I just spent an irritating and relaxing week in San Clemente, the southernmost city in COVID County and a town every bit as pseudopatriotic as its northern neighbor Surf City, aka the Florida or Texas of California, where freedom is best and most boisterously expressed by joyous mobs of maskless partiers, liberated from their consciences and dismissing warnings as fake news while happily inhaling air of dubious quality and exhaling a fine viral mist over the celebrating throng.
My wife and I have been coming to this town twice a year for almost 30 years to enjoy the quiet, the beauty and small-town feeling of the stretch along the coast with its touristy main drag of Avenida Del Mar, which winds past antique stores and surf shops before landing at the San Clemente Pier.
This was our first visit to The Clem since the virus hit and at check-in we were advised to stay away from Avenida Del Mar, because, well, this is Orange County and not everyone is quivering in terror in their homes fretting over something so tiny as a coronavirus. Which is pretty much what we did in our condo for the week if for no other reason than trying not to disappoint our daughter back home worrying about us catching the COVID.
Jane made a trip to the local grocery store—one place where people were behaving as one might behave in the midst of a pandemic—and after that we lived on what we bought, supplemented by orders from Grubhub.
Sound like fun? Well, it was, cloistered in our room reading a lot (David Mitchell’s mystical and magical 1960s rock and roll novel “Utopia Avenue” and Charlie Kaufman’s utterly indescribable—”Pynchonesque” is a term reviewers use for it—“AntkInd”) watching a few movies (nothing to recommend), enjoying earlyish cocktail hours on the balcony watching pleasure craft scampering along the coast and pelicans surfing on the updraft from the faces of waves before dusk sets in, and then…bats and skunks.
Adele’s, a restaurant adjacent to our complex, had been there for as long as I can remember. Adele herself was, sadly on this trip, holding a liquidation sale after being closed for the usual reasons, so no more Saturday night drag shows that always packed the place a lot more than the calm weekday breakfasts.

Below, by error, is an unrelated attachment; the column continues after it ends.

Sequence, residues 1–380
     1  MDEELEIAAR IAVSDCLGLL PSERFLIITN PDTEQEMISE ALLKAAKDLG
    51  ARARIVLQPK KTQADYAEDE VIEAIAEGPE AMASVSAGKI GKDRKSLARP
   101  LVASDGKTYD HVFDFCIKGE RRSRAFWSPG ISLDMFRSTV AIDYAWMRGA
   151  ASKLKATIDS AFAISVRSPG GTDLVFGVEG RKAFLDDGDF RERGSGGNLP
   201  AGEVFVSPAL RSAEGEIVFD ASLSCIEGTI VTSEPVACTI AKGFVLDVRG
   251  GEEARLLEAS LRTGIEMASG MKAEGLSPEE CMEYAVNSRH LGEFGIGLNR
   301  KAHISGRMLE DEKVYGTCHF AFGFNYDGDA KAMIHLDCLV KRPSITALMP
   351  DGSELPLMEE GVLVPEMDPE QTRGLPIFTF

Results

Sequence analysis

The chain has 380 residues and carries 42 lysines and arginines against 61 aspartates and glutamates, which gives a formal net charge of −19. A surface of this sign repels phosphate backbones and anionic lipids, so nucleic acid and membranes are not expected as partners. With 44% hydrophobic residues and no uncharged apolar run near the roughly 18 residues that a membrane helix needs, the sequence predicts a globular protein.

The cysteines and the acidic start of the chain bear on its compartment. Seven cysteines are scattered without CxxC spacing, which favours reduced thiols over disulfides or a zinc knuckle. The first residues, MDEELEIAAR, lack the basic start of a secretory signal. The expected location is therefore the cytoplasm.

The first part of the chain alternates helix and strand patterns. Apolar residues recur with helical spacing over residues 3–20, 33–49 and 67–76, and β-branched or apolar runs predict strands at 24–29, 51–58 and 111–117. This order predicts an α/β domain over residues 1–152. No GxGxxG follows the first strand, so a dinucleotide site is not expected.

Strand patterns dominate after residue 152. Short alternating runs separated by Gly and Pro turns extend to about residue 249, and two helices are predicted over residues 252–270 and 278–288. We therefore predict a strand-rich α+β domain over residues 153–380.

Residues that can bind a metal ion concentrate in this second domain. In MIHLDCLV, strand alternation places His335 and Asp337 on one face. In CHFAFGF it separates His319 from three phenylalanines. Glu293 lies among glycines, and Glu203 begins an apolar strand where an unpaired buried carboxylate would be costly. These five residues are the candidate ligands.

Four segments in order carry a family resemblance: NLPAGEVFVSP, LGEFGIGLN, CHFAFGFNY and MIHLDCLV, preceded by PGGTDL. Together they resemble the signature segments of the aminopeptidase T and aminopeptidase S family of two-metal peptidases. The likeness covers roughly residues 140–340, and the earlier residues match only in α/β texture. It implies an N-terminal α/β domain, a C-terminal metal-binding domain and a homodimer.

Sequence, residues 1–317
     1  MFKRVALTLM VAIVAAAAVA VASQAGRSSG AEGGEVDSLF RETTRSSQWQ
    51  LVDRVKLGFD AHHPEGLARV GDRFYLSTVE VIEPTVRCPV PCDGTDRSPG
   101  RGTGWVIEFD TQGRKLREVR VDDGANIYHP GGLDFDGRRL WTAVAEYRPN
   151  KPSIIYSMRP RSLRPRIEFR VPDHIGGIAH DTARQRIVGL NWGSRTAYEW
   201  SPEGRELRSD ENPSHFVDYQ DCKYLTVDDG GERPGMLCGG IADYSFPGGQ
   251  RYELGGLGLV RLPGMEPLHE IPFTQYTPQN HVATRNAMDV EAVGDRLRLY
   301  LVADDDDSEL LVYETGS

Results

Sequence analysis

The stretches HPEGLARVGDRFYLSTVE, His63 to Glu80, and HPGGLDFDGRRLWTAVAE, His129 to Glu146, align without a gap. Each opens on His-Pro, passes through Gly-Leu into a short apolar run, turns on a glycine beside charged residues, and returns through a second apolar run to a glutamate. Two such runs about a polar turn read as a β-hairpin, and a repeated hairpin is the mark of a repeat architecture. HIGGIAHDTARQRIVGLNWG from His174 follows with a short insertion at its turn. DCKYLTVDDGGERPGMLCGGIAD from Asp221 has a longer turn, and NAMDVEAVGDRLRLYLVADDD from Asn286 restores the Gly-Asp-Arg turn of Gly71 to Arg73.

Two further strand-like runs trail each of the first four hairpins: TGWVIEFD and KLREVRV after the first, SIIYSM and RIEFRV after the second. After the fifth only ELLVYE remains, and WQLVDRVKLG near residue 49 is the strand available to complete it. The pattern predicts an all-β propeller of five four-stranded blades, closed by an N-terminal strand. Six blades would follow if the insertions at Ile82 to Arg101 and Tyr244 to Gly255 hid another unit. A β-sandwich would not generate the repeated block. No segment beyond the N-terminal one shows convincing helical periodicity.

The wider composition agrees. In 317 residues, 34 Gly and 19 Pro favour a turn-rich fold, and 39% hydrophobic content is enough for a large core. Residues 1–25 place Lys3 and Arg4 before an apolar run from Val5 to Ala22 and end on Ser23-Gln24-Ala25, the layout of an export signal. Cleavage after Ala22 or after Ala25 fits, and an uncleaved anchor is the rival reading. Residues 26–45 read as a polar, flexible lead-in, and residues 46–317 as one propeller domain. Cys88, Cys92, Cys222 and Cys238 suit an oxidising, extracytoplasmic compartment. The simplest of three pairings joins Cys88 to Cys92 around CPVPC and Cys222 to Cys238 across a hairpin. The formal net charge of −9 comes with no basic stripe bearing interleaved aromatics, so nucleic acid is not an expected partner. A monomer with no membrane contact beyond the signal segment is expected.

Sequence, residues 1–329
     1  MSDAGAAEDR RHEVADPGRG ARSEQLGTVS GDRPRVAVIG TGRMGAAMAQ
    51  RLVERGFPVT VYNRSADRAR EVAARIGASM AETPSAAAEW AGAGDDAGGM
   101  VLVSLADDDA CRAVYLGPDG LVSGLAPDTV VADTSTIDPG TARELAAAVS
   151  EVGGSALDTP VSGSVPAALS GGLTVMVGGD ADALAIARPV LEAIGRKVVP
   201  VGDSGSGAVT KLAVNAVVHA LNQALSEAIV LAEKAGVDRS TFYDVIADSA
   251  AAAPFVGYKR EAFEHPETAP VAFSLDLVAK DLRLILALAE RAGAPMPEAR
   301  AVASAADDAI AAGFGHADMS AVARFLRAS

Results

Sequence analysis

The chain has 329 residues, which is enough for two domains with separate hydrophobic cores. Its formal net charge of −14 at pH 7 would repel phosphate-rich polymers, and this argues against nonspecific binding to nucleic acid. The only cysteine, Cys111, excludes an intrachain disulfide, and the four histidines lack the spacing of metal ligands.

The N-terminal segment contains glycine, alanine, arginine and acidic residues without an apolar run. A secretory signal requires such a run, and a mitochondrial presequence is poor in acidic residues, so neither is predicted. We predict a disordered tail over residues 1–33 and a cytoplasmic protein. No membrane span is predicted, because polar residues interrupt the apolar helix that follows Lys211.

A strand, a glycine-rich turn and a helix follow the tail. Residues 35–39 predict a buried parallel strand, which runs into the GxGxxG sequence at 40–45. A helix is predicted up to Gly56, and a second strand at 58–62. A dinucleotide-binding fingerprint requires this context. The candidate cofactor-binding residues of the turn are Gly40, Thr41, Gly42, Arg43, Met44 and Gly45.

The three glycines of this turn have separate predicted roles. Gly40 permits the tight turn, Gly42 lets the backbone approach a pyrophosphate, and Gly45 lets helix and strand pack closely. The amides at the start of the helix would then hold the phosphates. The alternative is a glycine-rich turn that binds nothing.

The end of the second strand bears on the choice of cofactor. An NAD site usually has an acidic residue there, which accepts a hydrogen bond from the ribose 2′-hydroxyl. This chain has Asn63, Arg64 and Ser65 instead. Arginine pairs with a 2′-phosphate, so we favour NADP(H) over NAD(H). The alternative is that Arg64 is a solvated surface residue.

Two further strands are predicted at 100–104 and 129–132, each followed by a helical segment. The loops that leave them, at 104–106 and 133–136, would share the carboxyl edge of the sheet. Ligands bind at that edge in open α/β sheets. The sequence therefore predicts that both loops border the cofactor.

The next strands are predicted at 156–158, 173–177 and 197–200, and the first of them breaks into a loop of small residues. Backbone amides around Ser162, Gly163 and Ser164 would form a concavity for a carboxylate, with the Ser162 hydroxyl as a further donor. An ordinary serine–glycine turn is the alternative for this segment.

“She got what she deserved,” one guest told my wife. “Holding those queer parties every weekend.”
On the weekend, people, presumably of a more hetero bent, gathered in (sigh) maskless celebrations and barbecues in large numbers on the grounds, boom-boxing shallow-cut classic rock, forcing me to go to my AirPods and Spotify for a more carefully curated playlist.
We left for home on Sunday, with the coronavirus drifting up like snow against the sides of the barbecues.
The trip, in a way, was almost as dispiriting as it was relaxing, witnessing people in the county casually dismissing COVID and treating the disease as if it were a proud political statement. If “Governor Gruesome” says be careful, doing the opposite must be the smartest and bravest course of action.
And of course, it’s not just people from Orange County. They’re just the ones locally who take the most pride in recklessness. But some of the sentiment oozes across the border into Long Beach, finding a comfortable and vocal home among some people, with an especially easy target among certain moneyed conservatives who have their own unstated figure of acceptable losses in the battle to reopen businesses.
On Monday, Kelly Colopy Long Beach’s Director of Health & Human Services pleaded once again—she’s a long way past blue in the face—for people to wear face coverings, maintain social distance and follow health orders.
“These are not hard steps, they are easy to do,” Colopy said. “They are maybe inconvenient, but they are easy.”
Yes, but for too many people they’re too inconvenient, and they’re not easy enough.
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